Max Roach, Lauded Jazz Percussionist, Dies at 83

Posted in News on August 17, 2007

Max Roach, the musical genius who helped create modern jazz and is considered to be one of the most important drummers in the genre’s history, died August 16 in New York City. He was 83. His cause of death was undisclosed.

Roach, a BMI affiliate since 1961, was born Jan. 10, 1924 in New Land, N.C., but later moved to the Bedford-Stuyvesant section of Brooklyn where he began playing drums at the age of 10. As a teenager, Roach worked with composer Duke Ellington and jammed with saxophonist Charlie Parker, which led to his contribution to bebop, a jagged and unpredictable jazz styling. Roach recorded over 70 albums, paired with such legends as Dinah Washington, Charles Mingus, Dizzy Gillespie and Sonny Rollins. Money Jungle, with Mingus and Ellington, is regarded as one of the finest trio albums recorded.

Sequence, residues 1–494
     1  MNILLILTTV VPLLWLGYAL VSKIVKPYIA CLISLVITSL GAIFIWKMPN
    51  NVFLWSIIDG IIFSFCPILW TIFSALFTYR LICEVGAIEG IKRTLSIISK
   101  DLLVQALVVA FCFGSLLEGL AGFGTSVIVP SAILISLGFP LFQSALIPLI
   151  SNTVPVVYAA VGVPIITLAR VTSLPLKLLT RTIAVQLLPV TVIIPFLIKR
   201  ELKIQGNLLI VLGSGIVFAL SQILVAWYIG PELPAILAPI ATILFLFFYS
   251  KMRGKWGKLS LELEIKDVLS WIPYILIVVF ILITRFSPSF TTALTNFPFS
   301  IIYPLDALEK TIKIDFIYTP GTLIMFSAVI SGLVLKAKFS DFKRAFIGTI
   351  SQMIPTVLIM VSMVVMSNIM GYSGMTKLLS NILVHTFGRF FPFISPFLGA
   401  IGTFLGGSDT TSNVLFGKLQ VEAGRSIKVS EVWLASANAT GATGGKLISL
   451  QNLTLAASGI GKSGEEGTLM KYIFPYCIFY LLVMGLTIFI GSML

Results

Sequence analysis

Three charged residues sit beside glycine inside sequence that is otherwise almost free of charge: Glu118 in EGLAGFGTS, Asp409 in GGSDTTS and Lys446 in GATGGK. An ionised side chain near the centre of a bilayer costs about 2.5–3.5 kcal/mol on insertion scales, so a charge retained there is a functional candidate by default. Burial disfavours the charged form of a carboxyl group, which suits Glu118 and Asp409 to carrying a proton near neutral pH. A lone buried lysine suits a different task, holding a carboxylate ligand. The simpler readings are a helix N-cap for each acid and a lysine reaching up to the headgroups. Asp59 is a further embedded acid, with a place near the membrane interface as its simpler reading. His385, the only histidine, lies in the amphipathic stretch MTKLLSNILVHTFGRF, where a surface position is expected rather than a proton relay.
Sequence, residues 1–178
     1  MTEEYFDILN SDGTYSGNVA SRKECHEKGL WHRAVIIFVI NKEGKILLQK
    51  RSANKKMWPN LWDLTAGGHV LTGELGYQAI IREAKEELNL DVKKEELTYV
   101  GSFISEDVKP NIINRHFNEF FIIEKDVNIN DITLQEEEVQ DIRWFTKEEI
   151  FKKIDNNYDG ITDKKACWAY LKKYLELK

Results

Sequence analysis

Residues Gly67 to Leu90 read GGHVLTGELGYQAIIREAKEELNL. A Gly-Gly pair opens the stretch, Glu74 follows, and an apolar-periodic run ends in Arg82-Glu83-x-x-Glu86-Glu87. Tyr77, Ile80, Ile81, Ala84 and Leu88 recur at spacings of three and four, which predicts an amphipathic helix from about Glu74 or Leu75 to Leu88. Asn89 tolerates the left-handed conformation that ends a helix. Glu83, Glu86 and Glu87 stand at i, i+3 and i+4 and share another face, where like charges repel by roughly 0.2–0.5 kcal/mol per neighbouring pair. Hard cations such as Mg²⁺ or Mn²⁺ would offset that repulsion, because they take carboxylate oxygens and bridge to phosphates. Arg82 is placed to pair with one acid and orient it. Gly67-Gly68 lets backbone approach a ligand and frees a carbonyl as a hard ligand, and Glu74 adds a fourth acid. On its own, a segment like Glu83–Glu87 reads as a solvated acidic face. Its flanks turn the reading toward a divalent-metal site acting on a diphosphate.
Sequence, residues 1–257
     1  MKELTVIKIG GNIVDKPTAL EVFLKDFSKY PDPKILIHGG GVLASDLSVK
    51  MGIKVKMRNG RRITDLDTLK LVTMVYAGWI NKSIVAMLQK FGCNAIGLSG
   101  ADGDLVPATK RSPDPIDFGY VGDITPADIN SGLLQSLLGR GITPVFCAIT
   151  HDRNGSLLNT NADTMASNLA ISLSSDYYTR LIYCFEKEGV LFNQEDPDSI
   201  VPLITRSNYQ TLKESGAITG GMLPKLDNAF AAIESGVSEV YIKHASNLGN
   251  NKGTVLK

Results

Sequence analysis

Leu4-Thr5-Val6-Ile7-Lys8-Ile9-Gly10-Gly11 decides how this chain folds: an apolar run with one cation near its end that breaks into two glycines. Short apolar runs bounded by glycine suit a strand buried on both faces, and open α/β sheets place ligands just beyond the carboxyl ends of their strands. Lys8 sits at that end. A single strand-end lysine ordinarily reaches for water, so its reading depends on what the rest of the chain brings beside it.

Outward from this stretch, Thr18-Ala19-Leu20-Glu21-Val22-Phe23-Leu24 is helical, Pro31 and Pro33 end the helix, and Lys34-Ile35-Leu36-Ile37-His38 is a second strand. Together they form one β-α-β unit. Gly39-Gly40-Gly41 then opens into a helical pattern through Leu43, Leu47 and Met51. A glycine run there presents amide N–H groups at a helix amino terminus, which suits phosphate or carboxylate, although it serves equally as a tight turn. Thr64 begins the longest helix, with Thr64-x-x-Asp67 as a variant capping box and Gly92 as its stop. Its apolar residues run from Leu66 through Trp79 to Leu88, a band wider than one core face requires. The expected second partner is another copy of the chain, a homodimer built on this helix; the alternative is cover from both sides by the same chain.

In 1952, Roach co-founded Debut Records and released Jazz at Massey Hall, and the bass-and-drum improvisation Percussion Discussion. Roach’s advocacy for civil rights was heard through his music with We Insist! - Freedom Now and a recorded duet including Dr. Martin Luther King Jr.’s, “I Have a Dream” oration. He received eight honorary doctoral degrees and a MacArthur Foundation “genius” grant, cited as a Commander of the Order of Arts and Letters in France. He also served as a faculty member at the University of Massachusetts.

Roach is survived by five children: sons Daryl and Raoul, and daughters Maxine, Ayl and Dara.


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